Either way, it is good he is getting help. Recognizing a problem, whatever it is, is the first step. Doing something about it is the next step.
5. A Clarification: Last week I compared the number of fighters with world title belts handed out by the four major sanctioning bodies to the number of fighters who are true world champions (as recognized by “The Ring” magazine and/or the Cyber Boxing Zone website lineage).
83 vs. 7, I said.
Except, noted my colleague Cliff Rold, the number should be eight because Cyber Boxing Zone still recognizes Vic Darchinyan as the lineal 115-pound champion.
“The Ring,” for whatever reason, never recognized Darchinyan’s unifying of three of the four sanctioning body belts at that weight class. The magazine has criteria for filling a vacant championship: Either the No. 1 and No. 2 fighter in a division must fight, or, in rare cases, the No. 1 fighter can face the No. 3 fighter.
I’m not sure where the magazine had Darchinyan and since-deposed beltholders Dmitry Kirilov and Cristian Mijares ranked at the time of their respective fights.
But that’s a completely separate topic. Back on point, I skipped over Darchinyan because his last fight was at bantamweight (118 pounds), his next fight will be at bantamweight as part of a tournament, and if he wins his next fight then his following fight will be at bantamweight, too.
There’ve been other cases of a fighter going up in weight and then coming back to keep his lineage going, including Ricky Hatton’s two jaunts to welterweight and returns to junior welterweight.
Each of those jaunts only lasted for a fight. That said, until the Cyber Boxing Zone decides that Darchinyan has vacated his lineal claim (which I believe he basically has), the number of true champions should be 8.
6. Returning to Yuriorkis Gamboa’s Sept. 11 win over Orlando Salido… I think the disappointment that came out over Gamboa’s performance was a product of him being too good for his own good.
Between his amateur pedigree, speed, ring presence and power, the expectations are that he can and will blow everyone away. But even the New England Patriots’ undefeated regular season in 2007 saw them win some very close games.
Here’s the issue: If Gamboa is reckless and always on offense and trying to blow his opponent away, then he leaves himself vulnerable to getting knocked down, called overrated, and derided as a fighter who is potentially overhyped and whose chin is liable to shatter any day now.
But if Gamboa controls a fight, going in, landing when he wants and then making his opponent miss when he wants – but also taking breaks in a fight and getting hit – then he is seen as not being as good as we expect him to be.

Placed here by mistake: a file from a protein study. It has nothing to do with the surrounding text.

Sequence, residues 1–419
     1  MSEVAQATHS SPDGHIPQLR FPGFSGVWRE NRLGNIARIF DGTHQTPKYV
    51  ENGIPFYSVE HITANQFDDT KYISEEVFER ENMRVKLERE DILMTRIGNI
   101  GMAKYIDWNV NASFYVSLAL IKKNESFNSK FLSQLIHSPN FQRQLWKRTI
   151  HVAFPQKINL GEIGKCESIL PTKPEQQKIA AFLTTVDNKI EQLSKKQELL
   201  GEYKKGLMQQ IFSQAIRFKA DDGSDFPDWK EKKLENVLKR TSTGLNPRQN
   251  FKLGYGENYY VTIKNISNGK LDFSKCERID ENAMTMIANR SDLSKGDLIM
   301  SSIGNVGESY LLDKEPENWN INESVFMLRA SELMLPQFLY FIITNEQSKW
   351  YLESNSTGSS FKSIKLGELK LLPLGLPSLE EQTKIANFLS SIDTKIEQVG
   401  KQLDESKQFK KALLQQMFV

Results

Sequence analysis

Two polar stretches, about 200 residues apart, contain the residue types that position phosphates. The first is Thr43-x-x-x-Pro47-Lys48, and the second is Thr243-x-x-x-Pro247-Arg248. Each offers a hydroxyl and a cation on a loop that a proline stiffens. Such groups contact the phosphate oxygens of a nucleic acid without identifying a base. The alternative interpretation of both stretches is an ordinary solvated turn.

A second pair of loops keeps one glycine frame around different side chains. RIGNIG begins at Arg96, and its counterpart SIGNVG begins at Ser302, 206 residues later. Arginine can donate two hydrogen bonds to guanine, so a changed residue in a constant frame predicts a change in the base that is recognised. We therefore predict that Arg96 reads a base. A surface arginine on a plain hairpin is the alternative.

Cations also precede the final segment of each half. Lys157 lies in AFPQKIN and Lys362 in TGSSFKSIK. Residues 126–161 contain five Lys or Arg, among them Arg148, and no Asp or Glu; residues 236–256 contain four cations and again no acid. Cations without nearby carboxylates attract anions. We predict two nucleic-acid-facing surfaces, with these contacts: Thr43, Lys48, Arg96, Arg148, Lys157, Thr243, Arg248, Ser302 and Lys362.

Gamboa can win either way. He’s more likely to use the strategy of picking his spots and waiting for the right opportunities. Of course, he also has to weigh whether his style can sell tickets. Fans love slugfests, and they appreciate skills, but they also will express their discontent when a fighter employs extended periods of defense.
7. Boxers Behaving Badly update, part two: Prosecutors have declined to pursue criminal cases against twin brothers Travis and Tarvis Simms stemming from an April argument between the two of them that turned physical and soon involved biting, a large knife and the grabbing of a gun, according to Norwalk, Conn., newspaper The Hour.
The article said court records didn’t show why the case was dropped.
The brothers, both 39 (according to BoxRec and court records, while the article says they are 40), each last fought in 2009. Travis is 27-1 (20 KOs) and a former 154-pound titlist. Tarvis is 25-1-1 (11 KOs).
8. Vitali and Wladimir Klitschko understandably won’t fight each other, even for all the money in the world. Travis and Tarvis Simms? They’ll do it for free.
9. Daniel Ponce De Leon’s knockout of Antonio Escalante? Very good.
Saul Alvarez’s knockout of Carlos Baldomir? Very good.
Alexander Frenkel’s knockout of Enzo Maccarinelli? Great.
What made it so great? A great knockout is part clean, crisp cause and part eye-popping effect.
In this case, Frenkel made Maccarinelli look like a combination of a bobblehead, a Stretch Armstrong doll, and the little girl with the spinning head in The Exorcist.
10. The statistics don’t lie. Ricky Hatton lasted more rounds with cocaine than he did with Manny Pacquiao.
Mayweather, meanwhile, has gone from giving his ex the checkbook to allegedly giving her a check hook…
David P. Greisman is a member of the Boxing Writers Association of America. His weekly column, “Fighting Words,” appears every Monday on BoxingScene.com.